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Doing business in Africa: A guide to transfer pricing

05 June 2024 Ralph Wichtmann , MD at the Sovereign Group and Irma Lategan, International Tax: Head of Private Clients at Regan van Rooy
Ralph Wichtmann

Ralph Wichtmann

Irma Lategan

Irma Lategan

Home to seven out of 10 of the world’s fastest growing economies, Africa’s outlook is promising. The International Monetary Fund (IMF) predicts that no other continent will compete in growth in the near future and, with 70% of its population under the age of 35, Africa will enjoy extraordinary demographic dividends as this energy and talent drives economic growth and development.

Governments across the continent are committed to improving the business climate and creating employment and business opportunities. A growing number of multinational enterprises are seeing entry into and expansion within Africa as essential to their continued existence, and South Africa has long been considered the ‘gateway’ to doing business in the rest of Africa1.

Conducting business from South Africa with other countries can be a legal and tax minefield. Transfer pricing (TP) has its own requirements and implications that impact cross-continental operations.

TP is considered a developing financing issue because, without adequate tax revenue, a country’s ability to mobilise domestic resources for development might be hampered. The United Nations, the Organisation for Economic Cooperation and Development, and the European Commission, as well as many African governments, have placed significant focus on getting transfer pricing established in Africa. In South Africa, the TP rules were legislated in 1995, in section 31 of the Income Tax Act 58 of 1962.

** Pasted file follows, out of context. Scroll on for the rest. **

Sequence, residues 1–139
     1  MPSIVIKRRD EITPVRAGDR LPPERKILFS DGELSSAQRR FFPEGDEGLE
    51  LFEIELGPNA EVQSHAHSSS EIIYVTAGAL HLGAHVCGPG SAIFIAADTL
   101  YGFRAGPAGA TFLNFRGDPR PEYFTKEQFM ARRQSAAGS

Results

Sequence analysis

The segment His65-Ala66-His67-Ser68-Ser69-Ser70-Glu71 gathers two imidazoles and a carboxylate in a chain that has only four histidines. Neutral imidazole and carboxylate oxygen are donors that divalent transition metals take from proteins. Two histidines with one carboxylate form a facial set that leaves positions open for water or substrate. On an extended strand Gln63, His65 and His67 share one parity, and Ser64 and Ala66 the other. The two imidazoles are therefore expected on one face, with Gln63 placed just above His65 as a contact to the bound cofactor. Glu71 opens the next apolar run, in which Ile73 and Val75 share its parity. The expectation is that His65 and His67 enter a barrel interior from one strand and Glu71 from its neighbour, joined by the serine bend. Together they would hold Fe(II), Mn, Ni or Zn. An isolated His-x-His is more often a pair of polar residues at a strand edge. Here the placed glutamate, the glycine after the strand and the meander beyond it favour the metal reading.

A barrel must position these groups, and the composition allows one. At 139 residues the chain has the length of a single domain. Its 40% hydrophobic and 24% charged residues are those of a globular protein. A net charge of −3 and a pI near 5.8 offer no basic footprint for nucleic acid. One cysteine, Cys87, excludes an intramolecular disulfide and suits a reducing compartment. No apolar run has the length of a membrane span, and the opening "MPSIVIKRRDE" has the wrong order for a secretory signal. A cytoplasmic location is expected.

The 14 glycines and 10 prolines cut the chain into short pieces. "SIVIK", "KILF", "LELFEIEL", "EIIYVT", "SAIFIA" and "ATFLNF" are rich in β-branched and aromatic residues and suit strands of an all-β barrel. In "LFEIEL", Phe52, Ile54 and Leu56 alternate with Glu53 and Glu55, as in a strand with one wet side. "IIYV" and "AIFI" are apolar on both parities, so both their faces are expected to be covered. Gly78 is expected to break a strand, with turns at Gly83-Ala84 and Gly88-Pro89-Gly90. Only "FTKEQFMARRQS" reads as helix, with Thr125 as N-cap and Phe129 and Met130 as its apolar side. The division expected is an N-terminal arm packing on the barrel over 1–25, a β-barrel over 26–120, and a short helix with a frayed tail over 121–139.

Arm’s length terms
Essentially, the TP legislative framework requires that all connected-party cross-border transactions must be entered into on arm’s length terms (ALs) and, most simply, this means that the parties must transact as if they were doing so with unconnected parties. According to the South African Revenue Service (SARS) ALs can broadly be understood as prices negotiated on the open market between willing buyers and willing sellers.

In order to determine the ALs, contracting parties must determine what the contract would have looked like if they were contracting with third parties, or unrelated parties. Many factors should be taken into account to determine the ALs, including the value added by the different contracting parties to group transactions, the jurisdiction of the parties, the number of employees that it takes to add the value to the transaction by each contracting party, the creditworthiness of the contracting parties, and more.

ALs also apply to cross-border loans between subsidiaries of multinationals. The pricing of intra-group loans includes a consideration of both the amount of debt and the cost of the debt, and as such would be incorrectly priced if either or both of these amounts are excessive compared to ALs. On 17 January 2023, SARS issued Interpretation Note 127 to provide guidance to taxpayers on determining the taxable income on inter-group loans.

Advance pricing
Tweaks made late in 2023 to draft legislation introducing an advance pricing agreement (APA) programme for South Africa have been widely welcomed. The legislation is in line with international trends and will create more certainty around large-scale international transactions that have TP implications. Lack of clarity in this complex area has been a major contributor to tax disputes, double taxation, and additional assessments.

In summary, Transfer Pricing is an unavoidable part of doing business with Africa – but even with amendments, it remains a complex field with, in addition to the aspects discussed above, many clauses specific to the jurisdictions being transacted with. Multinationals would do well to compile a TP policy that aligns with the ALs and demonstrates their compliance and correct implementation should the taxman come knocking. As such, it is always advisable to consult with a transfer pricing specialist before expanding your business into Africa.

1 Bowman Gilfillan

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